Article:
Bring your A-Game

Teaching at-risk students assigned to an alternative program requires at least two unique student-needs. For a variety of factors, these students are far behind their age-peers in skills. More specific to their socio-economic circumstances, they have learned behaviors that serve as barriers to a good education. Add to this the attendant issues with all middle-school students and the responsibilities of teaching become daunting. To borrow from the Scout motto, be prepared. Be very prepared.

I’ve come to understand that teaching social studies in the conventional, cookie-cutter fashion is no way to help alternative education students learn. Over the past several years, I’ve made the transition from the factory model comprised of district pacing guides and chronological approaches to the past. While teachers are required to teach specific standards, the use of thematic units come with the obligation for competent teachers to differentiate the pace of learning appropriate to each student.

My summer break has already seen the regular application of reverse-planning. From the standards come evaluation, from evaluation comes assessment. There’s no shortcut to doing something right.

My own best-laid plans call for the heavy use of stations in my classroom. By including skill-building activities in these stations, (so my current thinking goes), instructional time will be maximized to the point that I’ll avoid that terrifying experience of running short of meaningful activities during a class period. I shudder at the thought.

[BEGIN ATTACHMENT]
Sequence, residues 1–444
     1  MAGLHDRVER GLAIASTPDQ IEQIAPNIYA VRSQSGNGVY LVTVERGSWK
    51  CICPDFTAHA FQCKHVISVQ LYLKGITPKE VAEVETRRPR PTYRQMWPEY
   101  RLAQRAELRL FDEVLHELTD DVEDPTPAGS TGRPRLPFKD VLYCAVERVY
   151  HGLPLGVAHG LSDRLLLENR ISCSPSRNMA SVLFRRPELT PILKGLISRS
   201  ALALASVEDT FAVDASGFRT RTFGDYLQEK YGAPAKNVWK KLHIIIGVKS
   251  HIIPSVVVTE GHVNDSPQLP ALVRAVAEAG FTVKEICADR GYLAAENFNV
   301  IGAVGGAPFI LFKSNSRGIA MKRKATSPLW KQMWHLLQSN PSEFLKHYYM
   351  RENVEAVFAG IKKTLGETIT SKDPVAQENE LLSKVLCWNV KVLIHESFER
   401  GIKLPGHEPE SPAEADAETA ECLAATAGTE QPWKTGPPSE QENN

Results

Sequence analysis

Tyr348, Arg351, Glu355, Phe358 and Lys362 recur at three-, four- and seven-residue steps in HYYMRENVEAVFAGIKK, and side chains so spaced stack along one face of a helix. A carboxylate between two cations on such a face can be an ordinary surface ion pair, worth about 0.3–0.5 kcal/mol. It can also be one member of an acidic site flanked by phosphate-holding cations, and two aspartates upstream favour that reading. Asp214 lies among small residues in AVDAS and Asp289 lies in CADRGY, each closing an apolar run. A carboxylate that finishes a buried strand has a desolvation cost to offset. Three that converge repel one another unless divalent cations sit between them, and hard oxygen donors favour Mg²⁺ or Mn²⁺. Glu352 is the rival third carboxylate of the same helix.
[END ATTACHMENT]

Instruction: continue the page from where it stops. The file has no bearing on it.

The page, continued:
Don’t get me wrong, I’m going to recharge and relax during my break. However, I do understand the sense of urgency of joining a four-person team in which all of the licensed teachers are new to middle school.


Teaching student skills

Disheartening as it may be, many at-risk students arrive in high school alternative programs as a consequence of being – at-risk students.  For those new to alternative education, teaching student skills most learn by their late primary school years is a necessity that often goes unrecognized.

Without the skills for being a student, behavior problems are almost guaranteed.

Without an egg, there is no chicken

There exists what I believe to be a misconception about why students are placed in alternative education programs. Conventional wisdom has behavior as the root cause of why placements into alternative schools are made. Flowing from this popular belief is the assumption that poor grades and a lack of academic skills are the consequences of bad behavior. This particular narrative is both popular and pervasive, but I argue that it’s acceptance has more to do with the expedient convenience of letting teachers off the hook.